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Heat Index Of 100-Plus: Advisory Issued For Weekend Super Scorcher

Real feel temperatures, a combination of the actual temperature and humidity, will be 100 degrees or more this weekend.
Real feel temperatures, a combination of the actual temperature and humidity, will be 100 degrees or more this weekend. Photo Credit:

Crank up the air conditioners. It’s going to be a scorcher this weekend.

With heat indices - the combination of actual temperature and humidity - expected to hover around the 100-degree mark over the weekend, the National Weather Service has issued a Heat Advisory that starts at noon Saturday.

The advisory will be in effect until 9 p.m. on Saturday, though the National Weather Service noted that heat index values may be even higher on Sunday. The highest heat indices will be in the mid to late afternoon.

A heat advisory is issued when the combination of heat and humidity is expected to make it feel like 95 to 99 degrees for two or more consecutive days, or 100 to 104 degrees for any length of time.

"The heat index, also known as the apparent temperature, is what the temperature feels like to the human body when relative humidity is combined with the air temperature," according to the National Weather Service. "This has important considerations for the human body's comfort."

The extreme heat can cause illness and death among at-risk population who cannot stay cool. The heat and humidity may cause heat stress during outdoor exertion or extended exposure.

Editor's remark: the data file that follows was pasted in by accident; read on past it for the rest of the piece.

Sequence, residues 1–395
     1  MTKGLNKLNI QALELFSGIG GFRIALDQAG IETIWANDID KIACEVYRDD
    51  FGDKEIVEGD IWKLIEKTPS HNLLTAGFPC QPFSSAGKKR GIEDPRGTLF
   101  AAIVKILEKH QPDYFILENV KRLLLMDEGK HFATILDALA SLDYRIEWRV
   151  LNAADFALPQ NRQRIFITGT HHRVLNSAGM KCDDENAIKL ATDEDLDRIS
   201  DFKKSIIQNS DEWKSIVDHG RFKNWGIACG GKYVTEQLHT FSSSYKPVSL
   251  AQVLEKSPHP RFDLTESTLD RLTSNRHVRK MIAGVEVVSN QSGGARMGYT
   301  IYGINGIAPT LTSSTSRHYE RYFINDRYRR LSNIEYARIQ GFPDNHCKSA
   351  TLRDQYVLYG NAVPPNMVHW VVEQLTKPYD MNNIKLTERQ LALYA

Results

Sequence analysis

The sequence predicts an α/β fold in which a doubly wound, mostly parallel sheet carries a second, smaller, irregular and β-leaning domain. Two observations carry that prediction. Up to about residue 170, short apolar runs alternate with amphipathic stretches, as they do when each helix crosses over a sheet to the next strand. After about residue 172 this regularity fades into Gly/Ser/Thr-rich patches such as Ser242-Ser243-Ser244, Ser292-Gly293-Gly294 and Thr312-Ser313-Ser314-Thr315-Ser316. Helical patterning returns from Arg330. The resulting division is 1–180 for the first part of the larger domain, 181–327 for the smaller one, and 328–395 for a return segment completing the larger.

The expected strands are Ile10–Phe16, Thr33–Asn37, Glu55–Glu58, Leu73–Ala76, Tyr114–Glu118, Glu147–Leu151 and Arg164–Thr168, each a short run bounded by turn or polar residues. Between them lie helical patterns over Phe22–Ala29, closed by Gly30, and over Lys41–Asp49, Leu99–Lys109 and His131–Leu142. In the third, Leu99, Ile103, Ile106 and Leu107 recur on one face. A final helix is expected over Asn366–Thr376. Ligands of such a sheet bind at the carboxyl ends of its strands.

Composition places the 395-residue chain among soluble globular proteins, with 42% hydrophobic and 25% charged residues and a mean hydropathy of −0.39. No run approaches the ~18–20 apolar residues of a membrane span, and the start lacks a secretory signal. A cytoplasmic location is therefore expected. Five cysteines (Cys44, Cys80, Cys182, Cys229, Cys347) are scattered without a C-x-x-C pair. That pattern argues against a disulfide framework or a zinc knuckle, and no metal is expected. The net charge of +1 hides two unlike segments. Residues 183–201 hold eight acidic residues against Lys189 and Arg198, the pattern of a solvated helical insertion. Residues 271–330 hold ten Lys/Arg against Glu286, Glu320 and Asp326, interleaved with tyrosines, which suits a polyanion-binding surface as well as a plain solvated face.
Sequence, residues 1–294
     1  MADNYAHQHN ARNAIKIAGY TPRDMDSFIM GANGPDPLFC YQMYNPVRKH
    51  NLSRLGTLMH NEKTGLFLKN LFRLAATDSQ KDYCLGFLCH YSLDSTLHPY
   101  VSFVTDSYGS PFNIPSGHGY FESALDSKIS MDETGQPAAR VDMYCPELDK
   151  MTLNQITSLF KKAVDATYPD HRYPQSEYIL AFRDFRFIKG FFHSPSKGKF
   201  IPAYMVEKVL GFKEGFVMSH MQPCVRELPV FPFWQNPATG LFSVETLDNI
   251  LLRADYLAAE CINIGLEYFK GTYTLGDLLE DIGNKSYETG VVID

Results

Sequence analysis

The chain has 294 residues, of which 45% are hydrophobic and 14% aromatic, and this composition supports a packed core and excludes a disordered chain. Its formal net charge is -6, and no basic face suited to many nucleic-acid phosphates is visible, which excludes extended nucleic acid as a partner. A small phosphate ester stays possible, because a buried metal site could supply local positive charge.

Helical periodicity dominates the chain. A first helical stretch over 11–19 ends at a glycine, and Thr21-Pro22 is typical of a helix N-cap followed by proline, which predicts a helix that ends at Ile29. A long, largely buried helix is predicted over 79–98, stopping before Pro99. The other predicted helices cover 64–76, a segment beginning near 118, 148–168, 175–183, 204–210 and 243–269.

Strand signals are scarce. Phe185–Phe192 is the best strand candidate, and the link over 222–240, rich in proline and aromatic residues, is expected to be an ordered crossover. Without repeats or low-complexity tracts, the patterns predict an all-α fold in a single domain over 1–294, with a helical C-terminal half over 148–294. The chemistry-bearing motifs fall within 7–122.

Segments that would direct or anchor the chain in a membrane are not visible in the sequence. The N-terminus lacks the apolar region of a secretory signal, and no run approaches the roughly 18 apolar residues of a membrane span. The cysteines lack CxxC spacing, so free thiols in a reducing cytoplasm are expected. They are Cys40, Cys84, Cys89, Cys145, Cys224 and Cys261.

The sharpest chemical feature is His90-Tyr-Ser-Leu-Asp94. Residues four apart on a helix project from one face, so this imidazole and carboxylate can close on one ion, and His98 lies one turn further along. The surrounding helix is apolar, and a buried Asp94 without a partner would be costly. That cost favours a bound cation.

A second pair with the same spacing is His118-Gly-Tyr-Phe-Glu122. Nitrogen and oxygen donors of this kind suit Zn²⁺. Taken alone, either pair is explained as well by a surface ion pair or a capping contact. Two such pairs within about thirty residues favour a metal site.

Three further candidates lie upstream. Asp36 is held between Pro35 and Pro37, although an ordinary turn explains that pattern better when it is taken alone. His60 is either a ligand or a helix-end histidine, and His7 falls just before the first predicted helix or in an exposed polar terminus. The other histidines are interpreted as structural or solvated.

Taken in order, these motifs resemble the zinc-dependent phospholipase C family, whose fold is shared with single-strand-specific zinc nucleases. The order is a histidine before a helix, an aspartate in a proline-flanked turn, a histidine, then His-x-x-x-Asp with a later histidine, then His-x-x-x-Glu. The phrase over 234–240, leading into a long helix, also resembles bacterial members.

“With a stretch of extreme heat and humidity ahead of us, I urge residents and visitors to take the necessary precautions to keep themselves and their families safe," New York Gov. Andrew Cuomo said earlier this week. "I encourage all New Yorkers to take advantage of state cooling stations, pools and water bodies across the Empire State and to be mindful of air quality and other health risk factors to ensure a safe, enjoyable holiday weekend.” 

According to the New York State Department of Health, research, funded by NASA, showed that emergency department visits and hospital admissions from heat increase significantly on days when the heat index reaches 95 degrees or higher. The risk of heat stress, dehydration, renal illness, cardiovascular illness and death increases for up to four days after a heatwave, which is defined as three or more consecutive days with temperatures topping 90 degrees.

Officials have released a series of tips to help New Yorkers beat the heat and avoid becoming a victim of Mother Nature: 

  • Slow down on strenuous activity and exercise, especially during the sun's peak hours of 11 a.m. to 4 p.m.;
  • Exercise should be done in the early morning between 4 a.m. and 7 a.m.;
  • Eat less protein and more fruits and vegetables. Protein produces and increases metabolic heat, which causes water loss. Eat small meals, but eat more often. Do not eat salty foods;
  • Drink at least two to four glasses of water per hour during extreme heat, even if you do not feel thirsty. Avoid beverages containing alcohol or caffeine;
  • If possible, stay out of the sun and stay in air conditioning. The sun heats the inner core of your body, resulting in dehydration. If air conditioning is not available, stay on the lowest floor, out of the sunshine, or go to a public building with air conditioning;
  • If you must go outdoors, wear sunscreen with a high sun protector factor rating (at least SPF 15) and a hat to protect your face and head. When outdoors, wear loose-fitting, lightweight and light-colored clothing. Cover as much skin as possible to avoid sunburn and over-warming effects of sunlight on your body;
  • Do not leave children, pets or those who require special care in a parked car or vehicle during periods of intense summer heat. Temperatures inside a closed vehicle can reach over 140 degrees Fahrenheit quickly. Exposure to such high temperatures can kill within a matter of minutes;
  • Make sure there is enough food and water for pets.

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